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Good evening, let’s start with today’s top stories:

As provincial, First Nations, federal and foreign governments continue to grapple with the immediate and looming challenges of the fast-spreading Omicron variant, the topic of COVID-19 vaccines again took centre stage today.

In Ottawa, federal Health Minister Jean-Yves Duclos mused about something outside his government’s jurisdiction when he said he expects provincial governments to enact mandatory COVID-19 vaccination policies at some point during the pandemic. No province has yet done so, but Quebec has seen a notable rise in the number of people seeking a first dose after that province made proof of vaccination necessary for shoppers at provincial liquor and cannabis stores. And in Australia, Novak Djokovic is not the only unvaccinated tennis player with a controversial medical exemption to land in Melbourne hoping to contend for the Australian Open crown.

More news on the virus:

Fresh opinions on the pandemic:

Canadian economy extends hiring streak in December, but Omicron threat looms

The year is off to a wobbly start from an employment perspective, but 2021 ended with December’s net gain of 54,700 jobs and an unemployment rate that fell to 5.9 per cent, according to Statistics Canada. But that seven-month streak of positivity is unlikely to last. “In both the second and third wave restrictions, the Canadian job market shed more than 200,000 positions over a two-month span,” said Bank of Montreal chief economist Doug Porter in a client note. “There is little reason to expect this wave to be significantly different.”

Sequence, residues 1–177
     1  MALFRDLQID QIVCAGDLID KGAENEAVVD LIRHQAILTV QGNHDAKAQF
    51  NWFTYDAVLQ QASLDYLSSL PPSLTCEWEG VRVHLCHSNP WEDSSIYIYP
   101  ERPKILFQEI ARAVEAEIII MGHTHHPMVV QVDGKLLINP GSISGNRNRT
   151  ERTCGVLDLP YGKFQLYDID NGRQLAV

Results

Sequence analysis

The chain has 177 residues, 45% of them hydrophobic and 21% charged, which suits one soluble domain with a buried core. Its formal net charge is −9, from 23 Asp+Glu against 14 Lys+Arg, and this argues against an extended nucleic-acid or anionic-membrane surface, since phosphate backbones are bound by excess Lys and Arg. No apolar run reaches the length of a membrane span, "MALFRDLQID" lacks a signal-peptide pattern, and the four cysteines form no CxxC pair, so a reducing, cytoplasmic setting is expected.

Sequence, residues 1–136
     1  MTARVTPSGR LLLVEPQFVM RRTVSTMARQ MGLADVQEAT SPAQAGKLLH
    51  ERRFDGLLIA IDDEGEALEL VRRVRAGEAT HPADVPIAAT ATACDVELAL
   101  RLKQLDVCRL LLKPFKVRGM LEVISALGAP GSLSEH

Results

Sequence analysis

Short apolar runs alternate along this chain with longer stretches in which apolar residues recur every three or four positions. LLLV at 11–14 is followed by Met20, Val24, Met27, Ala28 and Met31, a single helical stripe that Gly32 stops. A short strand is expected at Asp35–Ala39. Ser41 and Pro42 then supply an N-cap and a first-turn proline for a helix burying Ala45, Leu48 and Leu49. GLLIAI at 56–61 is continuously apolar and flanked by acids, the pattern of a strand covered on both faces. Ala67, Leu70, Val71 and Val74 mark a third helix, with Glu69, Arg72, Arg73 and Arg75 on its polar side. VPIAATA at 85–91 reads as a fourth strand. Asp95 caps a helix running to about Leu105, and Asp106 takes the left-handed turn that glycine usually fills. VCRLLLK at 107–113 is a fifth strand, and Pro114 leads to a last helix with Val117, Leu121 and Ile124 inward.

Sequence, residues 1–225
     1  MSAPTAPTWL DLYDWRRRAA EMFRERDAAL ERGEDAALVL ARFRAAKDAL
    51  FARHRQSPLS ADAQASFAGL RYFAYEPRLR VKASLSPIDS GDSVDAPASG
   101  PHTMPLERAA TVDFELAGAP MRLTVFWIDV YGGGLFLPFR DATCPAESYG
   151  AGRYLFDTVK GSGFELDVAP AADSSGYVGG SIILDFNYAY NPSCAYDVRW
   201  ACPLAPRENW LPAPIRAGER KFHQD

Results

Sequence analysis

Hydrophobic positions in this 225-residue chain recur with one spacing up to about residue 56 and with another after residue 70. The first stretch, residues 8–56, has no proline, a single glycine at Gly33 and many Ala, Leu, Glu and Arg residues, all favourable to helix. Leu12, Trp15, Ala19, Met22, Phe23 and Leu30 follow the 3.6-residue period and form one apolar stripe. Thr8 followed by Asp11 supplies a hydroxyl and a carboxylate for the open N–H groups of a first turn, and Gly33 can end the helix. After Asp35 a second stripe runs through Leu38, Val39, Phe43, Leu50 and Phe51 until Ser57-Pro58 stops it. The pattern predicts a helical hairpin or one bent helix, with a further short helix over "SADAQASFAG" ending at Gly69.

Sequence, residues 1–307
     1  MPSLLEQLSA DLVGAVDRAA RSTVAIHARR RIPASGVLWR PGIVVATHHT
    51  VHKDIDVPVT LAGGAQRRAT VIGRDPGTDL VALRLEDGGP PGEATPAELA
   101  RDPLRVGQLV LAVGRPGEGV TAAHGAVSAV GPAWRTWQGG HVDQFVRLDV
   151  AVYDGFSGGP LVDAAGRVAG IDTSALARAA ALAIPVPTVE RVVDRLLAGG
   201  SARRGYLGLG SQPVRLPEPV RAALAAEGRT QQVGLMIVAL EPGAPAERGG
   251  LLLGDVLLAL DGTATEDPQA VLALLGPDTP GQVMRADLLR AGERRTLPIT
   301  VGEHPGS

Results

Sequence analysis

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ALSO ON OUR RADAR

Arbery killers given life sentences: A judge handed life sentences to three white men convicted of murdering Ahmaud Arbery, a Black man they suspected of theft in their Georgia neighbourhood. Two of them, father and son Gregory and Travis McMichael, will not be eligible to apply for parole.

‘Shoot to kill’ in Kazakhstan: Anti-government protests that flared up in Kazakhstan yesterday appear to have been violently quelled with the help of Russian troops, and the calm is being enforced by President Kassym-Jomart Tokayev’s order to his security forces to shoot protesters dead without warning.

Black pioneer of acting Poitier dead at 94: Sidney Poitier, who broke Hollywood’s colour barrier as an actor and was an inspiring figure during the U.S. civil rights movement, has died at age 94.

Alarm sounded over disinformation campaigns in politics: Interference in Canadian democracy was apparent in 2021, researchers say, when Conservative Party candidate Kenny Chiu was smeared by a campaign that used unfounded allegations to sink his re-election hopes.

Journalist with Montreal ties killed: A journalist killed while working in Haiti yesterday was working for a Montreal-based online radio station, the station says.

MARKET WATCH

Investors south of the border signalled jitters today based on the ongoing uncertainty around the Omicron variant, but especially around the possibility of an interest-rate hike. A disappointing end to a disappointing week saw the S&P 500 lose 19.00 points, or 0.42 per cent, to end at 4,676.51 points; the Nasdaq Composite lose 146.29 points, or 0.98 per cent to close at 14,934.57 points; and the Dow Jones Industrial Average fall 8.27 points, or 0.02 per cent, to end at 36,228.20.